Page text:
Larry Crowe  /  AP
P.J. Hamel, senior editor at King Arthur Flour in Norwich, Vermont, measures out some whole-wheat white flour while making sandwich bread in their test kitchen on Tuesday. King Arthur Flour, like many other in the baking industry, is making, using and marketing white whole-wheat flour products.
updated 5/10/2006 4:30:46 PM ET 2006-05-10T20:30:46

Whole wheat is looking a whole lot less wheaty these days.

That’s because food processors are selling more of a newly popular flour that merges whole-wheat health benefits with the color, taste and texture of white bread.

The secret: white wheat, a grain that can be milled to resemble pancake-friendly all-purpose flour, but is as healthy as traditional whole wheat.

Though white wheat has been available for years, it’s recently garnered serious attention thanks to new government dietary guidelines urging Americans to eat at least three servings a day of whole grains.

“The word is out that Americans should eat more whole grains for a healthier diet,” says Garth Neuffer, spokesman for ConAgra Foods Inc., which launches a white wheat-based flour this summer. “However, people also have shown they won’t sacrifice taste and convenience. The majority of Americans still want a white flour-tasting product.”

That’s why white whole-wheat flour has shown up in numerous healthier versions of many refined flour icons during the past year, including Wonder Bread and Pepperidge Farm Goldfish Crackers.

Norwich, Vt.-based King Arthur Flour, a leading distributor of white whole-wheat flour, certainly has seen a difference. Sales of white wheat products have jumped 55 percent since the same time last year.

Hanging onto the fiber
White wheat’s appeal is thanks to a subtle difference between it and the far more common red variety.

Traditional white flour — usually sold as “all-purpose” — is produced by milling red wheat to remove the bran and germ. Doing so also removes most of the nutrients, earning white flour a bad rap in health circles. It contains no fiber.

The bran and germ are retained in conventional whole-wheat flour, giving it 5 grams of fiber per quarter-cup serving, as well as a deeper color, grainy texture and (thanks to tannic acid in the bran) a mildly bitter taste.

But white wheat contains less tannic acid. That means it can be milled with the bran and germ (making it nutritionally equivalent to conventional whole wheat) and still produce a flour with a texture, taste and appearance similar to all-purpose.

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Now companies are betting it will help them capture consumers who want white-bread taste with whole-grain health benefits.

“The American public certainly is not going to say, 'I love that brown, rich, grainy look to things and I’m going to embrace it,”’ says P.J. Hamel, a spokeswoman at King Arthur Flour, which has sold white whole-wheat flour since 1992.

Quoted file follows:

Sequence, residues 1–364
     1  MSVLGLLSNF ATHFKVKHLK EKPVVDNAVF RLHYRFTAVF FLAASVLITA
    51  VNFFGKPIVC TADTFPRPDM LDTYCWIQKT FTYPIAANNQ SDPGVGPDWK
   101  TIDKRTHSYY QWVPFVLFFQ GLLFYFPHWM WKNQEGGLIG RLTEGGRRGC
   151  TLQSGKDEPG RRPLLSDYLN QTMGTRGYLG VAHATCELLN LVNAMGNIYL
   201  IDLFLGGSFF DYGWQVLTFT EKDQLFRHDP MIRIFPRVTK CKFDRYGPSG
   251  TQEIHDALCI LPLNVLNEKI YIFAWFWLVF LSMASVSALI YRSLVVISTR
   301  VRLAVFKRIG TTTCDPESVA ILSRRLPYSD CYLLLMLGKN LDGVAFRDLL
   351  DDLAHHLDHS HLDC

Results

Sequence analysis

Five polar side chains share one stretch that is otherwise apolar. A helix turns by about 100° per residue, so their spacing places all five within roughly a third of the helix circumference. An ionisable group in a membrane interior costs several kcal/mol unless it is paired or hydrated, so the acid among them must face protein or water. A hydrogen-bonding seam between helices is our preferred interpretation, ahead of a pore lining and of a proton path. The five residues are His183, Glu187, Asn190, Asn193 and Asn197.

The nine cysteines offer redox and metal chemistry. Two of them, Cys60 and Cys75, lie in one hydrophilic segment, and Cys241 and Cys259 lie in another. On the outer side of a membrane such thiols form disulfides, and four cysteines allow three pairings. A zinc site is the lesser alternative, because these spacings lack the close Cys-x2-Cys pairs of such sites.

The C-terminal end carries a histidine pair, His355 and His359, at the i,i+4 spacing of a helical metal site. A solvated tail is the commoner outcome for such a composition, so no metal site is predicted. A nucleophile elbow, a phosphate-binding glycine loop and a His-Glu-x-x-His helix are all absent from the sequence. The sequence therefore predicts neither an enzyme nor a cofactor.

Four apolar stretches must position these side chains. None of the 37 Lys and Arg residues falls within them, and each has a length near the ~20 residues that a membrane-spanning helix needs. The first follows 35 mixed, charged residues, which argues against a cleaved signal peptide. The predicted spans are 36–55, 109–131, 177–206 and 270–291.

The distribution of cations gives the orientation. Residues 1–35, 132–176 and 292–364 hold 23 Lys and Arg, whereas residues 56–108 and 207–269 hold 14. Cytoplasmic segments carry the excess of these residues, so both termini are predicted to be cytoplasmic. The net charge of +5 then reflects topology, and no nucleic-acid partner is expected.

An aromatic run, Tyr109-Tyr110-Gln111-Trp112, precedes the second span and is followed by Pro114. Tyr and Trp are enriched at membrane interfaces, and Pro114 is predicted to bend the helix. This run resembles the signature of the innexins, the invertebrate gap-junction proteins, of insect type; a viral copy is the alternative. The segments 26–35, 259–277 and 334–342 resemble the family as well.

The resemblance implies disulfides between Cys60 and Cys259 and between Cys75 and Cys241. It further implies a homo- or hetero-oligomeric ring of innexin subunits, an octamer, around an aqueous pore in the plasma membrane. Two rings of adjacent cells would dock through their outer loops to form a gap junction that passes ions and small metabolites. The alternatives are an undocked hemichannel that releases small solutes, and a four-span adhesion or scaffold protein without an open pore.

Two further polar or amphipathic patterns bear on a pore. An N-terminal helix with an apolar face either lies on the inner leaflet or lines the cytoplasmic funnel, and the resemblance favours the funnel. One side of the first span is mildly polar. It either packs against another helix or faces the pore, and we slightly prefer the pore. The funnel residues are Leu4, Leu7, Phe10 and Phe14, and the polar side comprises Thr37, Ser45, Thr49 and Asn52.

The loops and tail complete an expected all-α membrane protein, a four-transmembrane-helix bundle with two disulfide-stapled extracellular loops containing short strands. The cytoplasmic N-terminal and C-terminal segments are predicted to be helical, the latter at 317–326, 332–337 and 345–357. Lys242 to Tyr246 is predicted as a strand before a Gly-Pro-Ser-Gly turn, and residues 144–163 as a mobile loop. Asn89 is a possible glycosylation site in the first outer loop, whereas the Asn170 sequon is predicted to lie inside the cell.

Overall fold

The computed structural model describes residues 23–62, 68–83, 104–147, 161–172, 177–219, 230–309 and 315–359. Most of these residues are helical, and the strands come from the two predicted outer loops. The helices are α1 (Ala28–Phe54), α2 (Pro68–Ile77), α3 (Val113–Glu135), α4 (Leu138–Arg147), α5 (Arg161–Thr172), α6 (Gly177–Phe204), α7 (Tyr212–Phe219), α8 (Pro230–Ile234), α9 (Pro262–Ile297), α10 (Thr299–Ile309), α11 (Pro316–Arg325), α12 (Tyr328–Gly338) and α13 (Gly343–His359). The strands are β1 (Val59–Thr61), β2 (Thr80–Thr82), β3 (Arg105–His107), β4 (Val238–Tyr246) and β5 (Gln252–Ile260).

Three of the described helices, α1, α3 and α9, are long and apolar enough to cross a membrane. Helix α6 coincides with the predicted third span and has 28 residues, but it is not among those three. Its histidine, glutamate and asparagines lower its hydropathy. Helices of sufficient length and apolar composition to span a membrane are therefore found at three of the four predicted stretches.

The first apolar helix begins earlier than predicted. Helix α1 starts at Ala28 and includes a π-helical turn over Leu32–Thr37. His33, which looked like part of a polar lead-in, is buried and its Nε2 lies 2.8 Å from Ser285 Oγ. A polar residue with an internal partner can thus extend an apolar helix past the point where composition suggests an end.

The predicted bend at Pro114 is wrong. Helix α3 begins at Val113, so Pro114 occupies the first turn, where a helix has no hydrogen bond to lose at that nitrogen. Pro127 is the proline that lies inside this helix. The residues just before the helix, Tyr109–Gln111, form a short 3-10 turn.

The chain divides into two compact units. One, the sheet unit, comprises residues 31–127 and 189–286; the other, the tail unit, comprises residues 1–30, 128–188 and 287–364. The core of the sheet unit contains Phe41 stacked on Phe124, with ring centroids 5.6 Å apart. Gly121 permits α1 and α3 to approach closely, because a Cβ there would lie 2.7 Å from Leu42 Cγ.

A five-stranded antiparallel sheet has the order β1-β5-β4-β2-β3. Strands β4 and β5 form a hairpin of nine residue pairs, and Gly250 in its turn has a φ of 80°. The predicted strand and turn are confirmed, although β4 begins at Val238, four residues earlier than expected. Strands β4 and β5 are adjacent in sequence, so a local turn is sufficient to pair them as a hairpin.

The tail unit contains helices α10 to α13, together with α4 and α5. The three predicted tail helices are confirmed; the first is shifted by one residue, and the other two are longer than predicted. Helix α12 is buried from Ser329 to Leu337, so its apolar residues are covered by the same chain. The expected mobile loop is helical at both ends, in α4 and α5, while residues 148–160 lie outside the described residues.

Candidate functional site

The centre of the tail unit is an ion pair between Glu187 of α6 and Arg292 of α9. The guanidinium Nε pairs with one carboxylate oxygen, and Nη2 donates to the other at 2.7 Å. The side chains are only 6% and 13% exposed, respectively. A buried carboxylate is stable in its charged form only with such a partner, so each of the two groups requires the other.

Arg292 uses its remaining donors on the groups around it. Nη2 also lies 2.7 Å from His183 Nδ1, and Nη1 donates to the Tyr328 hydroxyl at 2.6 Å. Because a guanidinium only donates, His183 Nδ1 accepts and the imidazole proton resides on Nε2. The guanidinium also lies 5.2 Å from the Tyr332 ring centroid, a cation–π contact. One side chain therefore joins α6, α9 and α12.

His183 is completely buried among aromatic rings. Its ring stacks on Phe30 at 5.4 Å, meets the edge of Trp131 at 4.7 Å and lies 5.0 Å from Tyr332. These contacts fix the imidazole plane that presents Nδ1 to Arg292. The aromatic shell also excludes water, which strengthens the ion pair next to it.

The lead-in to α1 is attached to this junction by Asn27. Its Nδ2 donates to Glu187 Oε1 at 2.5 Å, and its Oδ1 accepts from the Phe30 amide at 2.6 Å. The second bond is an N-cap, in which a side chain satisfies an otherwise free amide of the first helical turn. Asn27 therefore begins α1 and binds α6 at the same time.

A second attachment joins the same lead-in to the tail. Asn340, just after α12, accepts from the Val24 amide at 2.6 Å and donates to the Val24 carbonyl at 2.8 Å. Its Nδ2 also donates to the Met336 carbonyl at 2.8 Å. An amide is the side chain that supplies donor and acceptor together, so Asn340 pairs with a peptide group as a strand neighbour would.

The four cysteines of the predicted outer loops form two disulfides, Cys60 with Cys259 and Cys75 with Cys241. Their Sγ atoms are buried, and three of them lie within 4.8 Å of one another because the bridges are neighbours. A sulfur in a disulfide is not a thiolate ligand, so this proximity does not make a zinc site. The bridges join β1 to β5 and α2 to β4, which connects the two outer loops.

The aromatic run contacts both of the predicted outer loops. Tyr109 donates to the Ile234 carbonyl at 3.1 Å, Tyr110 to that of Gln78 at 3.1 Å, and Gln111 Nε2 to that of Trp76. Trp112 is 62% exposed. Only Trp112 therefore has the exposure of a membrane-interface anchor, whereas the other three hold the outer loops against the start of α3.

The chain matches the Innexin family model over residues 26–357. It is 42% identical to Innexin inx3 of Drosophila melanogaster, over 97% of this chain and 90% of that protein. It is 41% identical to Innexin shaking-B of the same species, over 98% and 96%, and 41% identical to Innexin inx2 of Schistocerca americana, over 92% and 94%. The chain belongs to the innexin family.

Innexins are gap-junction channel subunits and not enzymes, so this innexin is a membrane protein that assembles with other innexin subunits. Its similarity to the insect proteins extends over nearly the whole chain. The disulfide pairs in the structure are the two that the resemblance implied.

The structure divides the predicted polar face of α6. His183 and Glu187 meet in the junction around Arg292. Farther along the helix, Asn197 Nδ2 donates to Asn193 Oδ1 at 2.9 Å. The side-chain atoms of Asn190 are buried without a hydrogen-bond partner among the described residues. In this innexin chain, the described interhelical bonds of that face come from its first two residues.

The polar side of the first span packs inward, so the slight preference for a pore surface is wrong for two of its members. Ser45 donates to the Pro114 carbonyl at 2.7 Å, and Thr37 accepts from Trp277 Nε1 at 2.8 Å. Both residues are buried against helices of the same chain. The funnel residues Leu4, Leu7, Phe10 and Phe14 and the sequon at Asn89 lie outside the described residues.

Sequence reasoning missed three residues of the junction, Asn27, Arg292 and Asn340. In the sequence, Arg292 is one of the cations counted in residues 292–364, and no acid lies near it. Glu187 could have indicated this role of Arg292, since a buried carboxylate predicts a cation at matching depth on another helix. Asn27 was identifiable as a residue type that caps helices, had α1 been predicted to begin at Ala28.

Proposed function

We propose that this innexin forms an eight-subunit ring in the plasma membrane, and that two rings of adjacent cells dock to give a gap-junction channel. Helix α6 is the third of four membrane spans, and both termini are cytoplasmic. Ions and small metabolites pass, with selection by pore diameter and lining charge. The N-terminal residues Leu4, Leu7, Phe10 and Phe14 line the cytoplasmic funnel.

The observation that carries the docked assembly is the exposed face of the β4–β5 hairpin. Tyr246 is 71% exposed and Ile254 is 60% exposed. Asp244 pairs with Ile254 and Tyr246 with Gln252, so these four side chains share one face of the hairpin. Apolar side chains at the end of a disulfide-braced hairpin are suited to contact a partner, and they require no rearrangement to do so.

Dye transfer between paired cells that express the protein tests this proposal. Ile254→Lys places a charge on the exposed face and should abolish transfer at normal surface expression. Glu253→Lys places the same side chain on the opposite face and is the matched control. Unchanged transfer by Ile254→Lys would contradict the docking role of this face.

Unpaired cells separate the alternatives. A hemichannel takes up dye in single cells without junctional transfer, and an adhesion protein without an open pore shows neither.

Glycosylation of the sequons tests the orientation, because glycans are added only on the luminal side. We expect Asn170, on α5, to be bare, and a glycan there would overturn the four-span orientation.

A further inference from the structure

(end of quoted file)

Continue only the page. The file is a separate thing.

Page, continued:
“They’ve been brought up on white bread and if you can get whole wheat to look like it, that’s what it will take,” she said.

Despite the surge in interest, white wheat still accounts for just over 12 percent of the nation’s total wheat crop, with probably less than half of that as the variety suitable for breads and most other baked goods.

At King Arthur, all-purpose flour still dominates with three-quarters of sales. White whole wheat has just under 4 percent, though the company is adding a new organic variety this summer.
Numbers like those are likely to change. Consumer demand is part of it, but so are agricultural innovations. Until recently, white wheat was more challenging to grow than red; new varieties of white are reversing that.


General Mills Inc. recently launched its own white whole-wheat flour under its Gold Medal brand. The Minneapolis-based company also has a white whole-grain bread mix that uses durum wheat, a light-colored variety traditionally used in pasta. Both products are sold commercially and General Mills has no plans to sell them directly to consumers.

ConAgra, based in Omaha, Neb., entered the white wheat market in 2004 with its Ultragrain flour, which was sold exclusively on the commercial market and already is used in dozens of companies’ products, including a 50 percent whole-grain pizza sold in 3,000 school districts.

This summer the company appeals directly to consumers with a Healthy Choice brand flour that is a 70/30 blend of traditional all-purpose and white whole-wheat. Each quarter-cup serving has 2 grams of fiber, or about two-thirds a serving of whole grains.

That’s not 100 percent whole grain, but in some ways it might be better.

Baby steps
People who already eat whole grains aren’t the target audience of such products, says Ann Yelmokas McDermott, a nutrition scientist at the Tufts University U.S. Department of Agriculture Nutrition Research Center.

This is for people who otherwise wouldn’t touch a whole grain. And for them, baby steps are better than nothing.

And ConAgra’s Neuffer says getting those people accustomed to the taste of whole grains will make it possible for the company to slowly tinker with the formula, possibly upping the ratio of whole to refined grains over the years.

“The perfect product is a product people will eat,” he says. “It puts them on the path toward getting the whole grains they need.”

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